Buildings and structures made of concrete that can "magically" seal and fully repair cracks caused by tension? What may have seemed a utopian scenario just a few years ago will soon become reality, thanks to the invention of microbiologist Hendrik "Henk" Marius Jonkers (50). His vision: to develop a bionic approach that improves the tensile strength and eco-friendly properties of concrete. The Dutch researcher set out to develop the bio-concrete of the future - with limestone-producing bacteria that can survive in a concrete structure for up to 200 years, and which "awaken" when damage occurs, enabling them to heal the cracks. In Europe, where concrete makes up 70 per cent of infrastructure, Jonkers' ground-breaking innovation promises to reduce the costs of concrete production and maintenance, as well as curb resultant carbon dioxide emissions. For his outstanding invention, Jonkers has been named a finalist for the renowned European Inventor Award of 2015 in the Research category. The 10th edition of the annual award will be presented by the European Patent Office (EPO) at a ceremony on 11 June in Paris.
"Hendrik Jonkers' bacterial concrete extends the life of bridges, streets and tunnels and opens up completely new perspectives for concrete production," said EPO President Benoît Battistelli, announcing the European Inventor Award finalists. "This forward-looking innovation is a successful combination of microbiology and civil engineering - two sciences that are unlikely collaborators at first glance."
Henk Jonkers' passion for diving and camping was the spark that ignited his career: it began with studies in marine biology at the University of Groningen in the Netherlands. After completing his PhD in September 1999, he began to focus his developmental work on the observation of bacterial behaviour. He first experimented with limestone-producing bacteria as a research assistant at the Max Planck Institute for Marine Microbiology in Bremen. Self-healing octopus tentacles or plants that create new organisms with offshoots served as inspiration for Jonkers' invention. An expert in bacterial behaviour, he continued his career in 2006 at the Faculty of Civil Engineering and Geosciences at Delft University of Technology. Jonkers' research agenda in Delft focused on finding a solution to transfer the self-healing properties of natural organisms to a man-made building material, concrete.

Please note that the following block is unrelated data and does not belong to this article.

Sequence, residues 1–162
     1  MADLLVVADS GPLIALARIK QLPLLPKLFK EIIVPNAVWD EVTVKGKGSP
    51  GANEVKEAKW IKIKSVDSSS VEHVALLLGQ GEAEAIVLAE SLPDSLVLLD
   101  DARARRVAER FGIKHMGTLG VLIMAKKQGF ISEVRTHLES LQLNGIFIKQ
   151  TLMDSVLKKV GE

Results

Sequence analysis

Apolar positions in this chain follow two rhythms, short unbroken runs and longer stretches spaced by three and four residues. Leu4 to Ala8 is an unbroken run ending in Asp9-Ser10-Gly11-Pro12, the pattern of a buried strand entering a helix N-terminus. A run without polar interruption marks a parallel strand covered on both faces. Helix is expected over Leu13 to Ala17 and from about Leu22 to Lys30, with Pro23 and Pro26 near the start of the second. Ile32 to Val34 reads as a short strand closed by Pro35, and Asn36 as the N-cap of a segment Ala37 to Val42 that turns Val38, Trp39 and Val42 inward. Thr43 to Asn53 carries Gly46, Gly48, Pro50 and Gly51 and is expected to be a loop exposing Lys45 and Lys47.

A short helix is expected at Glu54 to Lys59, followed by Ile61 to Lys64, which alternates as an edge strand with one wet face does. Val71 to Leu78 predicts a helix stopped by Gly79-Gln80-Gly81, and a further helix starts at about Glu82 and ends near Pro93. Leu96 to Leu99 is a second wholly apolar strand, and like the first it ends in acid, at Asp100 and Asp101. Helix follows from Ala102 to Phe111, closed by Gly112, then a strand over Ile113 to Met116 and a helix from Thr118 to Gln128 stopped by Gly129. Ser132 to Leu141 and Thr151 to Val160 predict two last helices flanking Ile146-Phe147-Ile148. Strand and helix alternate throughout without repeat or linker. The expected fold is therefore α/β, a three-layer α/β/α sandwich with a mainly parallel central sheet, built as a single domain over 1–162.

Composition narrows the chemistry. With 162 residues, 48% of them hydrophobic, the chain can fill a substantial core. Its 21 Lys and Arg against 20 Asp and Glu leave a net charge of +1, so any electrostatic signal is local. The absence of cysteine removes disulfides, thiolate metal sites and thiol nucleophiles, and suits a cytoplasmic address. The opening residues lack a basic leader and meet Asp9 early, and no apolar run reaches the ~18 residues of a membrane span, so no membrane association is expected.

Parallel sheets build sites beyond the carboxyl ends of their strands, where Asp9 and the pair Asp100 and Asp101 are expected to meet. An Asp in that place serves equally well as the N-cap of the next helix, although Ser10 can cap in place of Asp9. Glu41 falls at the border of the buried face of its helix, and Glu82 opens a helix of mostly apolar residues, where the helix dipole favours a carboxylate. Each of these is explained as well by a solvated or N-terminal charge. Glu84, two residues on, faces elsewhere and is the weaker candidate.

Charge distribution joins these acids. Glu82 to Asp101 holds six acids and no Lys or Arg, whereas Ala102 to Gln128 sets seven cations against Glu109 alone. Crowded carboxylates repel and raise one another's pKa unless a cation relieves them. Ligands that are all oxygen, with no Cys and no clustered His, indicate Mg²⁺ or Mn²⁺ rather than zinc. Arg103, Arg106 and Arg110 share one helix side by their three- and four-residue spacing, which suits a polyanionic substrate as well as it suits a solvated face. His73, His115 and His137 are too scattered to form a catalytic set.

To heal cracks in the concrete, Jonkers chose bacteria (Bacillus pseudoﬁrmus and B. cohnii), that are able to produce limestone on a biological basis. The positive side-effect of this property: the bacteria consume oxygen, which in turn prevents the internal corrosion of reinforced concrete. However, the bacteria do not pose a risk to human health, since they can only survive under the alkaline conditions inside the concrete. Based on these findings, Jonkers and his team of researchers developed three different bacterial concrete mixtures: self-healing concrete, repair mortar, and a liquid repair system. In self-healing concrete, bacterial content is integrated during construction, while the repair mortar and liquid system only come into play when acute damage has occurred on concrete elements. Self-healing concrete is the most complex of the three variants. Bacterial spores are encapsulated within two-to four-millimetre wide clay pellets and added to the cement mix with separate nitrogen, phosphorous and a nutrient agent. This innovative approach ensures that bacteria can remain dormant in the concrete for up to 200 years. Contact with nutrients occurs only if water penetrates into a crack - and not while mixing cement. This variant is well-suited for structures that are exposed to weathering, as well as points that are difficult to access for repair workers. Thus, the need for expensive and complex manual repairs is eliminated.
In recent years, bacterial concrete was subject to endurance tests under various external conditions on a dedicated testing building in Breda, the Netherlands. Plans are in place to launch the self-healing material on the market this year. Jonkers' invention has the potential to significantly reduce maintenance expenses for bridges, tunnels and retaining walls, which currently cost EUR 4 to 6 billion each year in the EU alone. Jonkers is now working on an alternative bacterial encapsulation technique. Compared to the present particle coating methodology, this technique would make it possible to cut production costs of bacterial concrete by an additional 50 per cent. Whereas production costs for conventional concrete amount to EUR 80 per cubic metre, a cubic metre of self-healing concrete would cost between EUR 85 and EUR 100 with the new encapsulated healing agent. With significantly lower repair and replacement costs over the lifetime of a building, this minimally higher investment would quickly pay itself off for all concrete structures.